April 15, 2017
Is it possible you may have a preconceived notion of certain stereotypical groups of people? For example, what comes to mind when you hear the words “drug addict”? A young adult struggling to get through everyday life without a fix, possibly resorting to a life of crime to fund his or her habit?
If that’s so, you may be surprised to learn that older adults are breaking the mold, unintentionally experiencing serious elderly addiction problems – namely, to opioids. Often prescribed for short-term pain relief, longer term use of the drugs can result in addiction. However, the American Geriatric Society updated its guidelines in 2009 to strongly recommend their use in seniors, who, they reasoned, are less likely to become addicted.
“There’s no factual, scientific basis for that.” Dr. Mel Pohl, of the Las Vegas Recovery Center says. “The drug takes over in the brain. It doesn’t matter how old the brain is,” he explains.
As many as 15% of patients are receiving an opioid prescription when leaving the hospital, and almost half of them are still taking that medication 3 months later. The potential to become addicted at that point is alarming. Opioids themselves might leave seniors lethargic, groggy, and depressed, and the effects of stopping the medicine once dependent could be even worse: queasiness, sweating, muscle aches, and more.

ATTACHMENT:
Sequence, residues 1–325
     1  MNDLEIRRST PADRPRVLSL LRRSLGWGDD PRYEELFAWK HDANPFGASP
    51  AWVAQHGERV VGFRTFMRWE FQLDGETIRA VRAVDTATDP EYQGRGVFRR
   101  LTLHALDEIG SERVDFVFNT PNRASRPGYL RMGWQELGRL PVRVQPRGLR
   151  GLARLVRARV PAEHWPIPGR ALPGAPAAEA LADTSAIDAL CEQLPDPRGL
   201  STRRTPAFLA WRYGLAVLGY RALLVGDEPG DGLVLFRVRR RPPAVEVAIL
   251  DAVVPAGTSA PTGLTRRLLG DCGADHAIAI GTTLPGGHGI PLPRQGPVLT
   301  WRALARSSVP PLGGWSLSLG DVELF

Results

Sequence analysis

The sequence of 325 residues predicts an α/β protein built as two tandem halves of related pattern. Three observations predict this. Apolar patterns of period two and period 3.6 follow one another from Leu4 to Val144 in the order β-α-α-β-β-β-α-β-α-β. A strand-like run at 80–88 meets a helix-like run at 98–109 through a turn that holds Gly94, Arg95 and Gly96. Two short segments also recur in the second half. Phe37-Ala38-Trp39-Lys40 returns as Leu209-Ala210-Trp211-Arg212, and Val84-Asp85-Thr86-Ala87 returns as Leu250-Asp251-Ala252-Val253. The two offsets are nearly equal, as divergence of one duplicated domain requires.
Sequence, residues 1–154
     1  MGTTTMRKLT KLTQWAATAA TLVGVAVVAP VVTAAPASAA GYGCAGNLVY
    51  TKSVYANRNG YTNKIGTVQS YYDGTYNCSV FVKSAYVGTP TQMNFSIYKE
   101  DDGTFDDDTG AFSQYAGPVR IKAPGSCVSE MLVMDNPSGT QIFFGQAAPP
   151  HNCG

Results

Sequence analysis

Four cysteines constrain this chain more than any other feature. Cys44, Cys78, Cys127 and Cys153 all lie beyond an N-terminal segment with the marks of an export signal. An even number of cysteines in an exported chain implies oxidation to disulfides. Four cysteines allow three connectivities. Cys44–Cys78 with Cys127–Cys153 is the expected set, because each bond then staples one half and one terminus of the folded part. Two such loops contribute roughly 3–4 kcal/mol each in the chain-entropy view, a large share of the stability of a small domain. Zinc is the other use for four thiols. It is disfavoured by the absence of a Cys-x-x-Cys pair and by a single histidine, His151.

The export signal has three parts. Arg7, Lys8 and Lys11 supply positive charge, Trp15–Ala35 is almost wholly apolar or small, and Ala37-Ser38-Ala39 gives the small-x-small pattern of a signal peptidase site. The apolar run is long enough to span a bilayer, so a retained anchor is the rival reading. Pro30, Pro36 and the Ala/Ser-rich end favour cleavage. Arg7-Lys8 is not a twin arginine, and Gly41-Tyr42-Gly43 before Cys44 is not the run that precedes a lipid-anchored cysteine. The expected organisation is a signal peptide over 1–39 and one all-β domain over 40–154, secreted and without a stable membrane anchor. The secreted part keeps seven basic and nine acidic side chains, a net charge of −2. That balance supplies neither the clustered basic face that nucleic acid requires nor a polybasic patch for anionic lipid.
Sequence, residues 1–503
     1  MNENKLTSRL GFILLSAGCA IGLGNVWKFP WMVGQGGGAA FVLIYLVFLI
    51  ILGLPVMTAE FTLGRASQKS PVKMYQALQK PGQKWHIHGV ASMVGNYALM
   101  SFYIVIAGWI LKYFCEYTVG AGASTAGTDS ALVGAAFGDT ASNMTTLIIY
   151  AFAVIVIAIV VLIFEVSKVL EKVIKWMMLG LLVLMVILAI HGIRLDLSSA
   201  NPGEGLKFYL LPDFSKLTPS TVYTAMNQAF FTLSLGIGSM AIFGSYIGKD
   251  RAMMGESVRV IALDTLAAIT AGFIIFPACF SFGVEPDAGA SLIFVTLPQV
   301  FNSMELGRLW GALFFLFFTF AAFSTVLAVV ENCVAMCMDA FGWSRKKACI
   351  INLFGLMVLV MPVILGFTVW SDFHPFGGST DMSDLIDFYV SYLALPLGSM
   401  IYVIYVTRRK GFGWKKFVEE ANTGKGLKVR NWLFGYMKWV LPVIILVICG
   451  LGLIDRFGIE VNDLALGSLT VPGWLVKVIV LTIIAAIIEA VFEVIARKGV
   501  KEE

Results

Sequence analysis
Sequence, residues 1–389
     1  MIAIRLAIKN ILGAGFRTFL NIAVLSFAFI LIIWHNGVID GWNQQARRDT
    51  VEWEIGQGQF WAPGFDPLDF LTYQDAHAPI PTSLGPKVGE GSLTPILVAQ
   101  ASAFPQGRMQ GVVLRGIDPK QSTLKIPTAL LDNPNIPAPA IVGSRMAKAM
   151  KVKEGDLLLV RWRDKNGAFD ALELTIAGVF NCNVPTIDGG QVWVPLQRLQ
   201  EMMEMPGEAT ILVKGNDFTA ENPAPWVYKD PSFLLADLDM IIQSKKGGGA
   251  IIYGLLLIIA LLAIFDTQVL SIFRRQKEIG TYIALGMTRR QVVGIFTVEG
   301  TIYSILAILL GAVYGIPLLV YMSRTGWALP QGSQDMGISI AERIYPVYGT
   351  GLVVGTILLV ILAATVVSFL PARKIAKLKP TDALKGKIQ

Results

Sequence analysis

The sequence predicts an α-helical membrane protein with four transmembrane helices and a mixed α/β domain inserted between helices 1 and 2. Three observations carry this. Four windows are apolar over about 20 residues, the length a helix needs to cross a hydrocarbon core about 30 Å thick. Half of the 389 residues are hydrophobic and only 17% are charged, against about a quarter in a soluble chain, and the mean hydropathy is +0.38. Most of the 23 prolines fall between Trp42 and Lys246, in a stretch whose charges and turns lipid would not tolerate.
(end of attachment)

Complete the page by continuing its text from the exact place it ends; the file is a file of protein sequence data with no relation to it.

So what’s a better solution? Supplying yourself with knowledge and asking about safer alternatives to opioids for your older loved ones to avoid the possibility of elderly addiction is a great place to start. However, remember the fact that even over-the-counter pain medications might be hazardous for older people, making it challenging for physicians to know the best way to control senior pain – managing dangers with the need to remove suffering in elderly patients.
It is very important for all of us, regardless of age, to become familiar with each of our conditions and treatment options, and make smart decisions in our care – and, to take prescription drugs exactly as prescribed by doctors, for the length of time they are prescribed.
Continuum’s in home care in St Louis, MO can assist older persons in many ways to help avoid elderly addiction. We are able to provide transportation and accompaniment to doctors’ appointments and procedures, pick up prescription medications, and provide medication reminders to make sure older adults are on track with appropriate medication management. Contact us any time at (314) 863-9912 or (636) 861-3336 to find out more ways we can help keep your senior loved one safe and well, right at home.